The calls were answered and more than 1.000 objectors from across Greater Manchester united to make their feelings known. Banners and flags were held aloft, chants and calls were made, the message was clear…’do not build on the green belt.’

The protest follows a host of successful local group rallies, and tens of thousands of objections to the draft plans – Greater Manchester’s development blueprint for the next 20 years.

The proposals show the building of 225,000 new homes, and millions of square metres given to office and industrial space – sparking widespread negative feedback for building on protected green belt.

Oldham will see 13,700 new homes built and 700,000 square metres of land made available for new factories and warehouses as part of the plans.

It started the rise of protest groups in the most affected areas, including Shaw, Royton, Chadderton and Saddleworth.

At a recent Oldham Council meeting Councillor Howard Sykes, who objects to the use of green belt land, proposed a motion to see Oldham withdraw from the GMSF and create their own local plan, however an amendment by the ruling Labour group saw the borough stay in.

Steve Lord, a member of the Save Shaw’s Greenbelt, said: “It is an incredible turnout from Shaw and it just really illustrates how determined we are about fighting this spatial framework.

“We have had some incredible media coverage from people like yourselves and after speaking to someone from a pr company they said that we are winning the media battle.

“I don’t think we actually expect it to be thrown out, but in the plans it says that around 70per cent of brown field sites in Greater Manchester will be used to be built on. What we are saying is why not 90per cent or 100per cent?

“These are huge pieces of land that they are talking about building on, they are places we grew up on, were people walk dogs, go on horse and bike rides and play on. Just looking at it, it is a way of life.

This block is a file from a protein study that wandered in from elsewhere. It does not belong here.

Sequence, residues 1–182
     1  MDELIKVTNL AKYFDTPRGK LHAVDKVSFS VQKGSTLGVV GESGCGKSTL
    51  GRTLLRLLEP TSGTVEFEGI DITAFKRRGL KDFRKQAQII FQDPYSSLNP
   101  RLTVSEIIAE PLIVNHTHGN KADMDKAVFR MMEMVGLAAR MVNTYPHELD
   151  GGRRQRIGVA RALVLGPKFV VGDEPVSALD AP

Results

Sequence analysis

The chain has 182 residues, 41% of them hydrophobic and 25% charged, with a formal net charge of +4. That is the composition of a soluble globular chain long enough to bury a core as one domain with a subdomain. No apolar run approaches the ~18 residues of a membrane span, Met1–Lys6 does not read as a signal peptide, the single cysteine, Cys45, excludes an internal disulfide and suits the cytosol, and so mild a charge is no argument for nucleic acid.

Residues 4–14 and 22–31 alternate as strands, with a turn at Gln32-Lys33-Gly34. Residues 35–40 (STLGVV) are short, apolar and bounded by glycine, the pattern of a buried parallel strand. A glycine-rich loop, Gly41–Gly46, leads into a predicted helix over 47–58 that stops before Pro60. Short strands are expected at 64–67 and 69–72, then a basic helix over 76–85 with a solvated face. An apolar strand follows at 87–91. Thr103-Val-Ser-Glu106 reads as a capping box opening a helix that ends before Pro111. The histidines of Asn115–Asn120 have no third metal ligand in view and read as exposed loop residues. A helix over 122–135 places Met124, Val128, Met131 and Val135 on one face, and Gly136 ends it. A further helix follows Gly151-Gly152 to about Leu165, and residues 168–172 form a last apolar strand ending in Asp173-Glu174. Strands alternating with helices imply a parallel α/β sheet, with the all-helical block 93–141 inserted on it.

“We understand the need for housing of course we do, but what we are saying is before we start building on green belt, we want them to take a real hard look at using all brownfield sites.”

Natalie Yates-Bolton, from Chadderton, who addressed the demonstration, said: “It has been incredible, a great response from the people who have come.

“It is about our long-term health and wellbeing. We hope councillors will listen because they are supposed to represent us. At the end of the day they are just ordinary people who are elected to represent us.”

A poem, written by 9-year-old Olivia Holt, from Firwood Manor, prep school, Chadderton, was read out by 11-year-old Elleisha Smith, from Bury. The poem read: “Please oh please don’t build on our belt, If you do our hearts will melt.

“All the lovely nature walks will be in the past, I am trying to enjoy the wildlife while it lasts.

“Can’t you build on the brown fields instead, so all our animals have a bed.

“Well now I should really on my way, but help us save the greenbelt today.”

No 100% percent of the brownfield sites will be used,  but these can only supply 70% of housing need.  So Greenfields elsewhere will be needed.  Animals having a bed is emotive claptrap and Olivia your teachers at Firwood Manor Prep School should hang their heads in shame for poorly educating you.  Green Belt is not about protecting wildlife, and Green fields used outside the Green Belt or even Brownfield sites might have far more wildlife value.  rather it is about preventing sprawl which building beyond the Green Belt would exacerbate.